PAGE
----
dcrane
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Location: Montgomery, TX

Mystery flower

These suddenly sprang up under a tree in a batch of pine thatch. What are they? I can't find anything similar in my books or on the web.

[img]https://davecrane.info/lakeconroe.jpg[/img]

cynthia_h
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Could it be freesia? Does it have a wonderful, but not overpowering, aroma?

Cynthia H.
Sunset Zone 17, USDA Zone 9

dcrane
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cynthia_h wrote:Could it be freesia? Does it have a wonderful, but not overpowering, aroma.
No, it appears to be odorless. I doubt that it's an exotic. Probably some kind of east Texas native.

dcrane
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Each of the trumpet-shaped blossoms is almost two inches long on very tall stems. Here's an idea of what the foliage looks like:

[img]https://davecrane.info/lakeconroe2.jpg[/img]

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Kisal
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I believe it is [url=https://www.nichegardens.com/catalog/item.php?id=1047]Alstroemeria psittacina 'Variegata'[/url]?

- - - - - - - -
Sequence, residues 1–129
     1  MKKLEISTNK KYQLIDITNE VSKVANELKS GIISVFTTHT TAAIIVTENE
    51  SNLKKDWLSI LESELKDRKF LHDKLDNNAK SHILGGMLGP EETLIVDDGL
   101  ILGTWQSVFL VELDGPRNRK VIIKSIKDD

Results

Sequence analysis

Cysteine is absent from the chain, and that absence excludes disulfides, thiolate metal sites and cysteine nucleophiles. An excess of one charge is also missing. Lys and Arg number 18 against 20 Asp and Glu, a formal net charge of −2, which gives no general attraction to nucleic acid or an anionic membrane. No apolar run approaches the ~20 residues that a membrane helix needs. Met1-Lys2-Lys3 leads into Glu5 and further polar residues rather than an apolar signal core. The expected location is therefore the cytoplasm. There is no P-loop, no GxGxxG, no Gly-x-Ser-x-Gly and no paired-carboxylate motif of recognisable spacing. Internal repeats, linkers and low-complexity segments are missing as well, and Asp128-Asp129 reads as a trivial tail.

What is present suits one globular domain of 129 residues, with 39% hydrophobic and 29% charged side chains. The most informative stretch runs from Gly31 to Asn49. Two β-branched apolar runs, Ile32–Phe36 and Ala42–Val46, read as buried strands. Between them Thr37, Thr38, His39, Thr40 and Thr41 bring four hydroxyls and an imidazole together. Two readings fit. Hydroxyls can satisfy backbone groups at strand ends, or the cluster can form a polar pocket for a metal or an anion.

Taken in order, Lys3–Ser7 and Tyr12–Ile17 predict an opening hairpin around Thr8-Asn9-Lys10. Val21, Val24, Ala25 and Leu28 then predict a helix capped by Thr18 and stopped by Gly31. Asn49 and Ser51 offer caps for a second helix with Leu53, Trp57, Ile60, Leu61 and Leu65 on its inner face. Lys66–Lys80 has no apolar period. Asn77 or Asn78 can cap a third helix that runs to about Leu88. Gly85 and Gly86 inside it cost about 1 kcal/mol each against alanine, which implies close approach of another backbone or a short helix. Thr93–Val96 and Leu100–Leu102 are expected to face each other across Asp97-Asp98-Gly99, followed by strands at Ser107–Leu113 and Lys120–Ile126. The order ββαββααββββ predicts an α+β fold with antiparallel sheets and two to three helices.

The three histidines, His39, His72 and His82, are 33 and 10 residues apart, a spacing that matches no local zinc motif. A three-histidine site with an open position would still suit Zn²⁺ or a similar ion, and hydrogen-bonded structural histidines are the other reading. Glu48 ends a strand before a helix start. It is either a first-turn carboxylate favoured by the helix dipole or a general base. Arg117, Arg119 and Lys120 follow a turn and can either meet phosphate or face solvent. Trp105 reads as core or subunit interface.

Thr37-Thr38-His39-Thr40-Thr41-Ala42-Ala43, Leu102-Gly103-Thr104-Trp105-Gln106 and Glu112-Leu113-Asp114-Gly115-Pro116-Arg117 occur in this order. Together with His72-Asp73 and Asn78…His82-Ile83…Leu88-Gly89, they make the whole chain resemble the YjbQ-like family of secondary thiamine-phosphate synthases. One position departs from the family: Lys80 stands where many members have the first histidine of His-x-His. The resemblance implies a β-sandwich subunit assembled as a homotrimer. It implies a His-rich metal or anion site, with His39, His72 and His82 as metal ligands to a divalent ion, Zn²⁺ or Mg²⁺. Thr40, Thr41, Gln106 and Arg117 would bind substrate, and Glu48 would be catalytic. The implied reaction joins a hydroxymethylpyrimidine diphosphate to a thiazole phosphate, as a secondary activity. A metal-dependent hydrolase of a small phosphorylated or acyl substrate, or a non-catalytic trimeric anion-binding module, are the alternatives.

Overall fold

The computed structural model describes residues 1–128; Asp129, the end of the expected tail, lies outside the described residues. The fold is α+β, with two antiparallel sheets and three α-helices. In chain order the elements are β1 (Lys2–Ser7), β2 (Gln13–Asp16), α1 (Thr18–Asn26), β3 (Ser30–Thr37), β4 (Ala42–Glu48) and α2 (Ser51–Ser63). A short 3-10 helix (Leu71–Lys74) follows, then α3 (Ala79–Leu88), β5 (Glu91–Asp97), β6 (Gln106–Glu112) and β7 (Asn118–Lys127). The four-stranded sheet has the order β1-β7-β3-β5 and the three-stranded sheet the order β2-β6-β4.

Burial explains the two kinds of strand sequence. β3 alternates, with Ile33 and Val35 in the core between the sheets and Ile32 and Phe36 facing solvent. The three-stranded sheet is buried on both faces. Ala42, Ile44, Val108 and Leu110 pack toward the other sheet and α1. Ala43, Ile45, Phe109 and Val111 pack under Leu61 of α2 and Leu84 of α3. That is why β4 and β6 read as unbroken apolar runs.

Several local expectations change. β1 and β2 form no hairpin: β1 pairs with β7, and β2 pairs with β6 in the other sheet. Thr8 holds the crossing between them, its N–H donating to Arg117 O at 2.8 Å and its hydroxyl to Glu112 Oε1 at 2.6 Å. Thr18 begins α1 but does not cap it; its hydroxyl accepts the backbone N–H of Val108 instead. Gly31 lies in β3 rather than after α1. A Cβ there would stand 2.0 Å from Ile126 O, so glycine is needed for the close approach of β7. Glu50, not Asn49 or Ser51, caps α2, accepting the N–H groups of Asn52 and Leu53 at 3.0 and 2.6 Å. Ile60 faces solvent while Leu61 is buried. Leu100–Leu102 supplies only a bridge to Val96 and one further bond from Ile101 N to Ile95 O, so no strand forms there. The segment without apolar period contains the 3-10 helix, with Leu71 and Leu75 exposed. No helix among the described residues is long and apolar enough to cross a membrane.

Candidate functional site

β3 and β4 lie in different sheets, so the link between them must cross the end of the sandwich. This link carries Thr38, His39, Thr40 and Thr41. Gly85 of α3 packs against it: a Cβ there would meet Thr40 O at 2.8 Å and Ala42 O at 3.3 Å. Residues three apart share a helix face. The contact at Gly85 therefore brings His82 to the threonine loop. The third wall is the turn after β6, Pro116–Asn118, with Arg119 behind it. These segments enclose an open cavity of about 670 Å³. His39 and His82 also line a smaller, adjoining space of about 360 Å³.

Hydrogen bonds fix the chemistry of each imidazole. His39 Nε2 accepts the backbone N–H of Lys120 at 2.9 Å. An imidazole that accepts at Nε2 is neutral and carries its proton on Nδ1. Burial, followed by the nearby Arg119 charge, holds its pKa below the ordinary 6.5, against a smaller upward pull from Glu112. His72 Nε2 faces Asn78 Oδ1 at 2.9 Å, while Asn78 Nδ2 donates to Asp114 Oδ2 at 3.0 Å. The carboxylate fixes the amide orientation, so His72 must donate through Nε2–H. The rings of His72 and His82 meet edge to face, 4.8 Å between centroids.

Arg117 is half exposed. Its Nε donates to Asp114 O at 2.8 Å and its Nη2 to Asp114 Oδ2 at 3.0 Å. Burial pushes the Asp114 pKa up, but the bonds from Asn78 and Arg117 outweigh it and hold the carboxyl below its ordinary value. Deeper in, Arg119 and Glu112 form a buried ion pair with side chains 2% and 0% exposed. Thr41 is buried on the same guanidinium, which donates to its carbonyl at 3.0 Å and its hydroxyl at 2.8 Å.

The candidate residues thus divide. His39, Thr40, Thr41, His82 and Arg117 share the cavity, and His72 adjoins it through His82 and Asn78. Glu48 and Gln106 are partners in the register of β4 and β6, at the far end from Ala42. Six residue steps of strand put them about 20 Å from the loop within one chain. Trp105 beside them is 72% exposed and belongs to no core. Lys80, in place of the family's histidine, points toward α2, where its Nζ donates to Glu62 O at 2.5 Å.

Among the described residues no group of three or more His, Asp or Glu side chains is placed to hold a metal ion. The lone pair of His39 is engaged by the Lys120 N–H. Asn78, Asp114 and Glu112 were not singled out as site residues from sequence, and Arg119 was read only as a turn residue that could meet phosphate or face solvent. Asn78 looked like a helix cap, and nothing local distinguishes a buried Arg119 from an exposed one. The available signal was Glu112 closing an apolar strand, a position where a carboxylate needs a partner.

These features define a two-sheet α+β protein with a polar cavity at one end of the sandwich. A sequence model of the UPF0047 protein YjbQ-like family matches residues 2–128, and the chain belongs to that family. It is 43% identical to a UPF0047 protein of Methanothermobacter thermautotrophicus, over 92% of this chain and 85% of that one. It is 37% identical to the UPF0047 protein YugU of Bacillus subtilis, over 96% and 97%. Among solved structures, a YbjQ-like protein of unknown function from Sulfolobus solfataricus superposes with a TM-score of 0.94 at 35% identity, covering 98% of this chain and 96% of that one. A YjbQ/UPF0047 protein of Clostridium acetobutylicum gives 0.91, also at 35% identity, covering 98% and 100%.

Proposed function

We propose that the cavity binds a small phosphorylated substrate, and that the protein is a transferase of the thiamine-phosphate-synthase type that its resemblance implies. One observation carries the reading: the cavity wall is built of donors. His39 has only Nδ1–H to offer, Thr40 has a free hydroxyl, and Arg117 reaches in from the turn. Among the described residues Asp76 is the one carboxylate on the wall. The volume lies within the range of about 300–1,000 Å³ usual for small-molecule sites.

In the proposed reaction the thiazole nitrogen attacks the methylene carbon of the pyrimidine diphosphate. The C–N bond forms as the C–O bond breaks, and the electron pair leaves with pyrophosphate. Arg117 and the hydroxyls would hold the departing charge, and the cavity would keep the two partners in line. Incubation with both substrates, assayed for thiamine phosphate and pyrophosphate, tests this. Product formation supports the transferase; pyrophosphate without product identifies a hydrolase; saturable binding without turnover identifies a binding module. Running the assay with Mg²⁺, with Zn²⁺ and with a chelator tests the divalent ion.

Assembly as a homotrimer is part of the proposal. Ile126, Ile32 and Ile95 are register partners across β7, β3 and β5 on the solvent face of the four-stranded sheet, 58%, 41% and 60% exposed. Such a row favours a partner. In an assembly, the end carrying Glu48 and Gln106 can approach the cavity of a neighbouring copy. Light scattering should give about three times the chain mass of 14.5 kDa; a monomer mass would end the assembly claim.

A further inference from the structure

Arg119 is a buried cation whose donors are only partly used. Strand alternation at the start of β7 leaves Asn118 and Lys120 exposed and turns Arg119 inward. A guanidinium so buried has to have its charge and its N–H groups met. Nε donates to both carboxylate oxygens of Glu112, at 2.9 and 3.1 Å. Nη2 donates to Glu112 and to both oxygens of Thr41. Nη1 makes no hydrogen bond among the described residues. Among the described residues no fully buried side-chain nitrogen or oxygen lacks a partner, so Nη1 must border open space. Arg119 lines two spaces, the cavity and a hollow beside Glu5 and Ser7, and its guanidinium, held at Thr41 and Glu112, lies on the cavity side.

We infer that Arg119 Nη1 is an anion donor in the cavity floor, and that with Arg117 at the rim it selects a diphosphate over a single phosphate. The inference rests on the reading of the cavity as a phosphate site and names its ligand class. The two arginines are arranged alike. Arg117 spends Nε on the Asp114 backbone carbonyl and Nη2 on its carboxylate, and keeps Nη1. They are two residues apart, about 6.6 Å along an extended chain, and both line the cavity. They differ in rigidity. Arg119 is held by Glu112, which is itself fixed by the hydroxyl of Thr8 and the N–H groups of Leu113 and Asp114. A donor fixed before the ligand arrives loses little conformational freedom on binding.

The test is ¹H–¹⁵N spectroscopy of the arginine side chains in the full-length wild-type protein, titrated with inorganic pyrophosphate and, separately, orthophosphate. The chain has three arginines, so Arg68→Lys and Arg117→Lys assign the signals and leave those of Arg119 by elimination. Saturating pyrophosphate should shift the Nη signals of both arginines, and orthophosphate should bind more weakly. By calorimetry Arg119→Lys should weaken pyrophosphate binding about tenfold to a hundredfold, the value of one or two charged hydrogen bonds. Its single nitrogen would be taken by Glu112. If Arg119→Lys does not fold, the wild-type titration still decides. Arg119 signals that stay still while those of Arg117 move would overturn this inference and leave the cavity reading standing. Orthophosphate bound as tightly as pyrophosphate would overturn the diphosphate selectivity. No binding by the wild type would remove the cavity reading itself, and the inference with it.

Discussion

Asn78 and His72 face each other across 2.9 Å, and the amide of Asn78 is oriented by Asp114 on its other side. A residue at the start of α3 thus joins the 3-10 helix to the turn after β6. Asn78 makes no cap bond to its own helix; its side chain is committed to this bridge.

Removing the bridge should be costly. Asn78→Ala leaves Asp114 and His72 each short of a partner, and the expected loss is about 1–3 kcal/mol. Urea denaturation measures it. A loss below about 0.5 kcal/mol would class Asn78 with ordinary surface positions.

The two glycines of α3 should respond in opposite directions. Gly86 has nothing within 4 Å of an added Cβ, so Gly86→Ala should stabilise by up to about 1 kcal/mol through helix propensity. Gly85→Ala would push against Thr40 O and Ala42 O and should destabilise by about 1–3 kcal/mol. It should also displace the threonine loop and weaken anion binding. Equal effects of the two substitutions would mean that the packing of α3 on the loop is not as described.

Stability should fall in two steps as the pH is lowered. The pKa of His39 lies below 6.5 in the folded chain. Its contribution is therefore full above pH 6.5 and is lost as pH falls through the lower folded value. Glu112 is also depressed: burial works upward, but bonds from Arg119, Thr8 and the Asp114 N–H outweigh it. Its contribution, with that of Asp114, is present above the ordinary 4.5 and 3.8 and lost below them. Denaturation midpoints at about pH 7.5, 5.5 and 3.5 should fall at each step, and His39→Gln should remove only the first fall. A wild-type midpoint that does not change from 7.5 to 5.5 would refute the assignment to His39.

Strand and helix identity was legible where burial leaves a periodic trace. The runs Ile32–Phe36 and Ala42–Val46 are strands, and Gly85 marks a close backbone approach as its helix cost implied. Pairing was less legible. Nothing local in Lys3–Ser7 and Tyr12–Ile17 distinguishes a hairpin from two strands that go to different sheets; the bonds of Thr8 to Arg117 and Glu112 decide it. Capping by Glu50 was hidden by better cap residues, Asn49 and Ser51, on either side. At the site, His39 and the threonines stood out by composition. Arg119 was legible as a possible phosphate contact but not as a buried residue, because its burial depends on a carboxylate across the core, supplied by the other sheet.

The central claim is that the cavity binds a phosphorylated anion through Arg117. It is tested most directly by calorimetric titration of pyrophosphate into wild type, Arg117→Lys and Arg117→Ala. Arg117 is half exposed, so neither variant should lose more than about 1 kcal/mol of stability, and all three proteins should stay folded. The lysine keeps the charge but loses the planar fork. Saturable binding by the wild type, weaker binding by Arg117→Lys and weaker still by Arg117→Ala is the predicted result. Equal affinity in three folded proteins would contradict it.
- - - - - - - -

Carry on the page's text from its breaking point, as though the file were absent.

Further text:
dcrane
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Kisal wrote:I believe it is [url=https://www.nichegardens.com/catalog/item.php?id=1047]Alstroemeria psittacina 'Variegata'[/url]?
Thank you very much! Northern Brazil, eh? Must be left over from the folks who lived here five years ago. First time I've noticed it.

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Kisal
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I think it's a very pretty plant. I found one report that said they were known to grow north of where I live. I may get some and try them in some of the more sheltered parts of my yard. :D

eshenry
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Location: Tennessee

We called them Surprise Lilies
Some people weave burlap into the fabric of our lives, and some weave gold thread. Both contribute to make the whole picture beautiful and unique.

The Helpful Gardener
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There are some Alstromeria that are hardier further north, but nothing I have seen as sweet and refined as that one. Very nice...

HG
Scott Reil

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Kisal
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I'm definitely going to get some of these. I showed the picture to a friend, who is far more accomplished as a gardener than am I. She said she used to grow them in her yard, before she moved into her apartment. She only lives a few blocks away from me, so now, I'm excited about having some. :D

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